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VSD control

VSD control

VSD control

Hi guys does anyone know any standards for estops used along side VSDs. I’ve seen people connect them in a few different ways and wanted to know your opinions. Can we just cut the run signal to the VSD through the systems estop circuit or should we cut power to the VSD all together?

RE: VSD control

It becomes more complicated with a VFD, requiring more consideration of what you consider “safety” when using them. In some cases, the VFD can be used to brake a motor FASTER than it will coast to a stop, in other cases you may need to make it take LONGER to come to a stop to avoid more dangerous consequences. There is no single answer.

Part of that too involves how the VFD is programmed to Stop normally when the Run command is removed, i.e. if you do have it programmed for a controlled decel, but you do NOT want that in an emergency, then simply removing the Run command will trigger that normal controlled decel. On top of that issue lies the reliability of your control system, because if something reinitializes the Run command, it runs again. So many better VFDs now come with a safety feature called “Safe Torque Off” (STO) that disables the transistors immediately, overriding any programming in the VFD. Tying that to a qualified “Safety Relay” is the safest way to implement an E-Stop, so long as you DONT want the faster braking aspect.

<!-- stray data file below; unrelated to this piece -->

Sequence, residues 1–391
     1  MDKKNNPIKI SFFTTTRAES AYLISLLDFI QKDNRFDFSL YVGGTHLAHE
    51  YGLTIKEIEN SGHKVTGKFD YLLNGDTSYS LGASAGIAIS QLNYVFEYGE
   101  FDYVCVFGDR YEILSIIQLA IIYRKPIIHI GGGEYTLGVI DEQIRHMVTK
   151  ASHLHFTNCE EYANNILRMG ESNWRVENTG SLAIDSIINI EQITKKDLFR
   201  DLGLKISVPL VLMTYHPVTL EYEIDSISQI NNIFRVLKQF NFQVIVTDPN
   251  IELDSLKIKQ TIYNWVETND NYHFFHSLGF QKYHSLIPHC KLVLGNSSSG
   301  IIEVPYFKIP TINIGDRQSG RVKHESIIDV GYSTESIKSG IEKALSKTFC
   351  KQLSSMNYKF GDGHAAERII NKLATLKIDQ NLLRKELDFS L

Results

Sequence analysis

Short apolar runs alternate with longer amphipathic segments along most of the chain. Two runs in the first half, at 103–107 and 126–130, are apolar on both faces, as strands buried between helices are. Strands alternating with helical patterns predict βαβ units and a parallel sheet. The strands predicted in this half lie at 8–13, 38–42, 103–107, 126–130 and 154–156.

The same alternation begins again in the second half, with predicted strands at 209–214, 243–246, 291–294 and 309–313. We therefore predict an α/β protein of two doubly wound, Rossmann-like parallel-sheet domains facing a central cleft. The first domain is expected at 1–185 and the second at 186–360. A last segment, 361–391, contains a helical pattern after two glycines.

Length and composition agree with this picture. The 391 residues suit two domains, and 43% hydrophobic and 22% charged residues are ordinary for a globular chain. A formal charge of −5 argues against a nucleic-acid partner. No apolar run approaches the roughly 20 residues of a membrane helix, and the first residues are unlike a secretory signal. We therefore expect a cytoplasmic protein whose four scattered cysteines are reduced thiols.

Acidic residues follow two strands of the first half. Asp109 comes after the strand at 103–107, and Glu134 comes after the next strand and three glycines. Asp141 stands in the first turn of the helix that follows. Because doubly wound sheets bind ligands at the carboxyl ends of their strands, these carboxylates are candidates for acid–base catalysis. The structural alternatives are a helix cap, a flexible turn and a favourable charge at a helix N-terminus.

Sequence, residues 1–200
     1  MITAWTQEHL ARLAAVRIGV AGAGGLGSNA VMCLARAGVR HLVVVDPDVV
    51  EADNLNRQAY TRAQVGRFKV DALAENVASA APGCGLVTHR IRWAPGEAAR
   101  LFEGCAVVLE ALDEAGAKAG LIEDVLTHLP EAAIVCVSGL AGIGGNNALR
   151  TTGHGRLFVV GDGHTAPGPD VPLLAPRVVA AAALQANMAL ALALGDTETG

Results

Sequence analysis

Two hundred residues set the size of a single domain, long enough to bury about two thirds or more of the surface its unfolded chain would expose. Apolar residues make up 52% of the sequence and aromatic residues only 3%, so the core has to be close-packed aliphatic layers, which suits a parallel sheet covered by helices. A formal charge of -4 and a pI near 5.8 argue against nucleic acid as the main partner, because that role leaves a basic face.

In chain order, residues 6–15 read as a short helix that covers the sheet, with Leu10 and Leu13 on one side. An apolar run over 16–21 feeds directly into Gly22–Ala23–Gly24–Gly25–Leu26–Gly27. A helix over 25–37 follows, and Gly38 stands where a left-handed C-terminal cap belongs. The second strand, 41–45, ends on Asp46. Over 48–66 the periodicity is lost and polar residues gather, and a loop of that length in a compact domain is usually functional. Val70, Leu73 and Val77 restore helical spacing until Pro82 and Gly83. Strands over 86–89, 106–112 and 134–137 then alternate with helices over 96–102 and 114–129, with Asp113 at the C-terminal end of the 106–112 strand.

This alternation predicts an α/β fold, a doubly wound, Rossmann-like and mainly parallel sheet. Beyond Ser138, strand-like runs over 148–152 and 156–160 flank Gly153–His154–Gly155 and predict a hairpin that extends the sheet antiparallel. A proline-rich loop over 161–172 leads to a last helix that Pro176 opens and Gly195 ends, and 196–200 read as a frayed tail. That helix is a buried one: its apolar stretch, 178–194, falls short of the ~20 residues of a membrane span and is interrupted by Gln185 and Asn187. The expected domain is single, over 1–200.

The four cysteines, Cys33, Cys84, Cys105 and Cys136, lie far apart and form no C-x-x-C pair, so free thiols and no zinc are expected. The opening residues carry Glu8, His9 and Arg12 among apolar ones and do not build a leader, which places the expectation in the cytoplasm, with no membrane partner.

If you post more details on the machine the VFD is being used on, we might be able to narrow the responses for you.

" We are all here on earth to help others; what on earth the others are here for I don't know." -- W. H. Auden

RE: VSD control

jraef is right, what kind of stop metod you need to use is dependent on the motordriven function, if you have hanging loads for example.
The most common way is as he says to break electric and then apply break.

European standars also requires that you physically remove the power to motor/VSD in a "open" break point if it isn't a safety product.